Folding into comfort

I pushed a little button and felt myself sink back… aaaah!

That’s the way I want to feel in my living room. Stretched out and relaxed.

A little voice teases me: This is the kind of furniture old people buy.

I’ve been spending a lot of time on our couch in the last couple years, particularly in the last three months. And it made me realize just how uncomfortable our couch is.

It’s a two-piece sectional that we bought in Dubai. Very pretty and modern, a lovely seafoam green. We were glad that we could make it work when we moved back to the US and bought a house, because we really loved it.

The couch is now 10 years old and it’s had a good run, but Tom and I are also 10 years older.

That means we put comfort ahead of just about everything else when it comes to personal purchases. It means our backs and joints need support. So today we bought a couch that has a recliner built into either end.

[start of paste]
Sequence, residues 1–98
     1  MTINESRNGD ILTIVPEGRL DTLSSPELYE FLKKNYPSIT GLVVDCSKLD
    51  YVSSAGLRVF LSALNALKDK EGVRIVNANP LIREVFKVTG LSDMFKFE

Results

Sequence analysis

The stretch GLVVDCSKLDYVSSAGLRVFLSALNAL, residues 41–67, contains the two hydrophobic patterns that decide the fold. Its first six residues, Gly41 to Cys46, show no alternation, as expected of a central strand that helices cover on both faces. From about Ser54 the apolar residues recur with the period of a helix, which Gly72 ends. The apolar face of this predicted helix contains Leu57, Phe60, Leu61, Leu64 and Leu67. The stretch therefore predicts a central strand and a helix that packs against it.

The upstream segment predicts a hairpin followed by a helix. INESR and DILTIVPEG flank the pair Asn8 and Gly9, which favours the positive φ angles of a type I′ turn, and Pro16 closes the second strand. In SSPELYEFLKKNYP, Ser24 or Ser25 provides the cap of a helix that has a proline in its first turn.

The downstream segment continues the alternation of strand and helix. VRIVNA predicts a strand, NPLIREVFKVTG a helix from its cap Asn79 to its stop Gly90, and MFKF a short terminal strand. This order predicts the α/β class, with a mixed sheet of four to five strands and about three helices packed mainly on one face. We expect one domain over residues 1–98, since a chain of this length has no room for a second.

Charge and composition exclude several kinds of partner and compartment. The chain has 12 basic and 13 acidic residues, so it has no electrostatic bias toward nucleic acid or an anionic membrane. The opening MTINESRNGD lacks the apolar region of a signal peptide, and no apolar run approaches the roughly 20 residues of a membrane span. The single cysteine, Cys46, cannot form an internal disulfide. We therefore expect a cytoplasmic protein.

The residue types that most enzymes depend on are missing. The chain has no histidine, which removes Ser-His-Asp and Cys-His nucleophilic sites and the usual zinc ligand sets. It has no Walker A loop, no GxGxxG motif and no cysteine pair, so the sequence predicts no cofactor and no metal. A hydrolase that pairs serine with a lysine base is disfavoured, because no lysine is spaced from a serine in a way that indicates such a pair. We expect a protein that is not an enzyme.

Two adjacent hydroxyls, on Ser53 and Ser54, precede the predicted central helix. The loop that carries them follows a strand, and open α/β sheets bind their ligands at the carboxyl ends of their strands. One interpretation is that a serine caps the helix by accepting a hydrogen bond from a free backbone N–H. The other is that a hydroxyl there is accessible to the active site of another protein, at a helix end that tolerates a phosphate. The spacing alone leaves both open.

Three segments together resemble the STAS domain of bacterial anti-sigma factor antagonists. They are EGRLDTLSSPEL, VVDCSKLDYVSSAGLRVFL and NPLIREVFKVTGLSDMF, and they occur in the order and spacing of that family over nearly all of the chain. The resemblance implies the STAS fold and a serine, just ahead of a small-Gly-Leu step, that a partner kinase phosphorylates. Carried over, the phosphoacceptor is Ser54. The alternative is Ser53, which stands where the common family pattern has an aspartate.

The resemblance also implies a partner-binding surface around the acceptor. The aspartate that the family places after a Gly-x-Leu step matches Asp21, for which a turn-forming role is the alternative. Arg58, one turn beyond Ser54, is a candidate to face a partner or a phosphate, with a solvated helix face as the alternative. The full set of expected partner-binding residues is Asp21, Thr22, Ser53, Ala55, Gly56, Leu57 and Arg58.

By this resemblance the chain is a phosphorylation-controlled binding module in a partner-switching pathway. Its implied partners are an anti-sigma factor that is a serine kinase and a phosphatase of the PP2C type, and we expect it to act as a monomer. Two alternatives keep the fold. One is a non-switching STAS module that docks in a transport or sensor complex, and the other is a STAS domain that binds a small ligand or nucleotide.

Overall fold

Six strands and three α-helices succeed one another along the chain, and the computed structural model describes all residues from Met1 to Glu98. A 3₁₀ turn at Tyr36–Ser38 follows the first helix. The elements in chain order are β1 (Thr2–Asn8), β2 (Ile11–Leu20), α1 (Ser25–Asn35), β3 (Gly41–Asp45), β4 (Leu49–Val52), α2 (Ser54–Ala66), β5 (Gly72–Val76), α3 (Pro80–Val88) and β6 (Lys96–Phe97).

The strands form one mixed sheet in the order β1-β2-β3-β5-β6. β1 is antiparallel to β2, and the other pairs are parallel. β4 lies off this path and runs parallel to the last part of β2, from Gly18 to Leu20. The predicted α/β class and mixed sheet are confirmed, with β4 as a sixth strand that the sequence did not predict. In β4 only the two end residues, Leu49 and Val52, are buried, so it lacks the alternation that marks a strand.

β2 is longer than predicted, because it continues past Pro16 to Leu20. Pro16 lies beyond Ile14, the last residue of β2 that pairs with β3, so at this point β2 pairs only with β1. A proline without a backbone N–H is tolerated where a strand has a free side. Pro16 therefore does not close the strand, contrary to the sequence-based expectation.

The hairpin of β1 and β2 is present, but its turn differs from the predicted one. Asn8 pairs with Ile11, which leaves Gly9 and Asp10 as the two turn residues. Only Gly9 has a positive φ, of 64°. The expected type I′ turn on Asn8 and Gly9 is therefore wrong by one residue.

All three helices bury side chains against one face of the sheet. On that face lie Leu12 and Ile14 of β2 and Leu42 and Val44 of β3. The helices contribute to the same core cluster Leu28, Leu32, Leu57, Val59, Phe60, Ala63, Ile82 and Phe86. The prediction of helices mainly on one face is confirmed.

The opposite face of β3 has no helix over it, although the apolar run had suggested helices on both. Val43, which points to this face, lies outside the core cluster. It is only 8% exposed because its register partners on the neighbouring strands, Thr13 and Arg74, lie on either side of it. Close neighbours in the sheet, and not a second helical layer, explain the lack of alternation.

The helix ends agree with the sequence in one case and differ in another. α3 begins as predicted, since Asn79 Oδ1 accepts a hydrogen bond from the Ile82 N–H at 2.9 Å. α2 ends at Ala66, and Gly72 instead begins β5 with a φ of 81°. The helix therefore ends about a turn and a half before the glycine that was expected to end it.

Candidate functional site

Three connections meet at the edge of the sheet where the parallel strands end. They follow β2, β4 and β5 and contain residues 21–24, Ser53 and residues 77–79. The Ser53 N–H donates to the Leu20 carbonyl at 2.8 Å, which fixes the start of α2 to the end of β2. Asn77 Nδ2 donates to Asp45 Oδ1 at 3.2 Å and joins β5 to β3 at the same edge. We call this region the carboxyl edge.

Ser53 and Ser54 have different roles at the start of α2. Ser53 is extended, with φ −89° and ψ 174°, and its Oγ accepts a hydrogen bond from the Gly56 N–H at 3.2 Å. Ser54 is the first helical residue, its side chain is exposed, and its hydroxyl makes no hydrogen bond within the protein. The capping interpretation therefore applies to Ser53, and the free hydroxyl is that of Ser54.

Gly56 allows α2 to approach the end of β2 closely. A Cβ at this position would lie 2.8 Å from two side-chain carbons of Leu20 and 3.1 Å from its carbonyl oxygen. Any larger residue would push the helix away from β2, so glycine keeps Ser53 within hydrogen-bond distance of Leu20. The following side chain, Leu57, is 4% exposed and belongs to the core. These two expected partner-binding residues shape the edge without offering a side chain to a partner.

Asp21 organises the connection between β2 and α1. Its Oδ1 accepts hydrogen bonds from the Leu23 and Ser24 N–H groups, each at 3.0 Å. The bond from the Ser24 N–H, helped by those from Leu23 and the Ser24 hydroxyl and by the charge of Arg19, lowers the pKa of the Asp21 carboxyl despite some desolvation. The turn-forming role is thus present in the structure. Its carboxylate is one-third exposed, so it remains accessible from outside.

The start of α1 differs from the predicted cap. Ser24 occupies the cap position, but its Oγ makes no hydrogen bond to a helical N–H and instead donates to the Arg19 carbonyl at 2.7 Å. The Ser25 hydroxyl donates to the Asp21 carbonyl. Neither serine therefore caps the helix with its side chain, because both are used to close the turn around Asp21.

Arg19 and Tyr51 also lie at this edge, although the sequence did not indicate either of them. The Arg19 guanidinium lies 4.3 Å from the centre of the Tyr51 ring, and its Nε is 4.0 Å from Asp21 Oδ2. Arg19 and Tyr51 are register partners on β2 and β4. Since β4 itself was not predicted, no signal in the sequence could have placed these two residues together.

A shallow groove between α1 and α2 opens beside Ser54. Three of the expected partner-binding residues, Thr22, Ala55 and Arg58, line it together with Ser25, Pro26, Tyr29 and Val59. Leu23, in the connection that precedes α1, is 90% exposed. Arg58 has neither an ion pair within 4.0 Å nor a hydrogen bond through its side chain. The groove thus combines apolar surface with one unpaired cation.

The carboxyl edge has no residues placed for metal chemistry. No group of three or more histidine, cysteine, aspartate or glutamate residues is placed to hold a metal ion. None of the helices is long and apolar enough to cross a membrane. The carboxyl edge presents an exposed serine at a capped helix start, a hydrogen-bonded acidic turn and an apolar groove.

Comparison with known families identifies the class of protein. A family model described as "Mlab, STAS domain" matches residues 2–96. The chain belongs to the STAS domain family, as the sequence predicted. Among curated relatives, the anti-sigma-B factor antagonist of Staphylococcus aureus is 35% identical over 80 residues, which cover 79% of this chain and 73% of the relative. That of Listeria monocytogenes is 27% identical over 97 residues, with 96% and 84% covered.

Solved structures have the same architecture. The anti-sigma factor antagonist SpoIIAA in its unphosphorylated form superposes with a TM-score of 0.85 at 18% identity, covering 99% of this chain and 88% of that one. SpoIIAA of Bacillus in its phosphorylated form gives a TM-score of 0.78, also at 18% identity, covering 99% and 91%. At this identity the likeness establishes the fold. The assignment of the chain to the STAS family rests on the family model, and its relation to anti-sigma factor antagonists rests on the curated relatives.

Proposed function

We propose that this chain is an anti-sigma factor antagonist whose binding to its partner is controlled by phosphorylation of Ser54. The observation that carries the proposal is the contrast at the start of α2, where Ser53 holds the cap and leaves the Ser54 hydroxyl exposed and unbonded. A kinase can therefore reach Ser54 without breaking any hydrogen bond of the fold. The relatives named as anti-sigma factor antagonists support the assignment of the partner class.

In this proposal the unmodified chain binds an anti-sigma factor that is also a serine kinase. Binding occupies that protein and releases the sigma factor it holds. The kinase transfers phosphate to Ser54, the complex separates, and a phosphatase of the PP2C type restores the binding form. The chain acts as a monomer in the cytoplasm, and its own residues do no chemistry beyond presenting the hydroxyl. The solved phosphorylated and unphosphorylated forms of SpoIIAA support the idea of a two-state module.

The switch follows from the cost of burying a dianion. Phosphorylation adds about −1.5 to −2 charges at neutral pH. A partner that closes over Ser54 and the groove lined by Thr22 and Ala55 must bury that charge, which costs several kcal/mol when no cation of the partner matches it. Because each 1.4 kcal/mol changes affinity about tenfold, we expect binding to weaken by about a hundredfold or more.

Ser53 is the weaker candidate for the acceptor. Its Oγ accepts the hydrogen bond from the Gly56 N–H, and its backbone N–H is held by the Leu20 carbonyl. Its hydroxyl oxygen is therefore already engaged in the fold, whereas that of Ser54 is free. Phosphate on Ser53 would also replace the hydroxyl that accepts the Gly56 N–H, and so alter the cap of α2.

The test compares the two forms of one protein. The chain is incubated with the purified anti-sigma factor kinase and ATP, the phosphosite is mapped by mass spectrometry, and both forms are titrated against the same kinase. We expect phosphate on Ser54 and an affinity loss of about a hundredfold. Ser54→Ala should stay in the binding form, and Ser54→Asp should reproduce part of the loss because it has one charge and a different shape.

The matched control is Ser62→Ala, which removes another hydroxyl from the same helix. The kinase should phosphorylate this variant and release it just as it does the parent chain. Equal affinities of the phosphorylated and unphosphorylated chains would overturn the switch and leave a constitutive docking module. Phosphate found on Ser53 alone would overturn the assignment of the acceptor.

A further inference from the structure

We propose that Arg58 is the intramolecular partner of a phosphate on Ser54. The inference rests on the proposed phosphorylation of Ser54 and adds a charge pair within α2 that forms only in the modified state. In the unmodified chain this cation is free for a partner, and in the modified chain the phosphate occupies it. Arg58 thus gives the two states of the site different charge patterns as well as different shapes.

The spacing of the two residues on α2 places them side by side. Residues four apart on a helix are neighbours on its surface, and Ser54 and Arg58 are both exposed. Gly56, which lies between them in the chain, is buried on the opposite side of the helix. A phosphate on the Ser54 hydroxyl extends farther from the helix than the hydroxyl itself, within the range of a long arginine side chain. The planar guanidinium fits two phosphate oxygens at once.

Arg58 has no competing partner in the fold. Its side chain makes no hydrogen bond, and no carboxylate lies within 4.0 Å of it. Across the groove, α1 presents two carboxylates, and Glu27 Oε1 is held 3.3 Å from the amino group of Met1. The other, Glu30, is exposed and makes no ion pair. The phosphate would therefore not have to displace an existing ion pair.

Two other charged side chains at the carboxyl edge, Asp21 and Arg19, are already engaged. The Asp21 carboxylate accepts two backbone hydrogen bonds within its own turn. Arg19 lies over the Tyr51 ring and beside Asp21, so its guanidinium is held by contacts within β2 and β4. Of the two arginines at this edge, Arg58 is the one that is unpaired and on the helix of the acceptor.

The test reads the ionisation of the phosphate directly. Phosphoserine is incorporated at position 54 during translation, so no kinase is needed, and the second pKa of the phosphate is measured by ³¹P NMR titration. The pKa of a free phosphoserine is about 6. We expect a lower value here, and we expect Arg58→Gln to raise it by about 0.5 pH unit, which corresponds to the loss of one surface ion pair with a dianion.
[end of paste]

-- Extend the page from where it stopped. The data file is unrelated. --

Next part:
We had waited several months to buy it because I’d read that furniture is cheapest in February, and sure enough there was a sale this weekend.

Despite the sale, it was a big expenditure, but even my most frugal cells are not screaming. They’ve been silenced by the rest of my body. Ah…..

But it’s true that a double-recliner couch is not commonly bought by young people.

Maybe it’s that young people don’t like to just sit. Or maybe it’s that young people don’t appreciate how good it feels to be able to sink into a piece of furniture that way. Young people don’t need to have chairs that they can fall asleep in because they generally don’t have that kind of insomnia (at least I didn’t when I was young).

Well, some young couple can buy the pretty green sectional from the thrift store where we’re donating it.

And I will lay in the recliner and read and fall asleep.

If that’s what it means to get old, I guess I can live with that.

Today’s penny is a 2006, the year we bought the green couch in Dubai.

2006 for Feb 6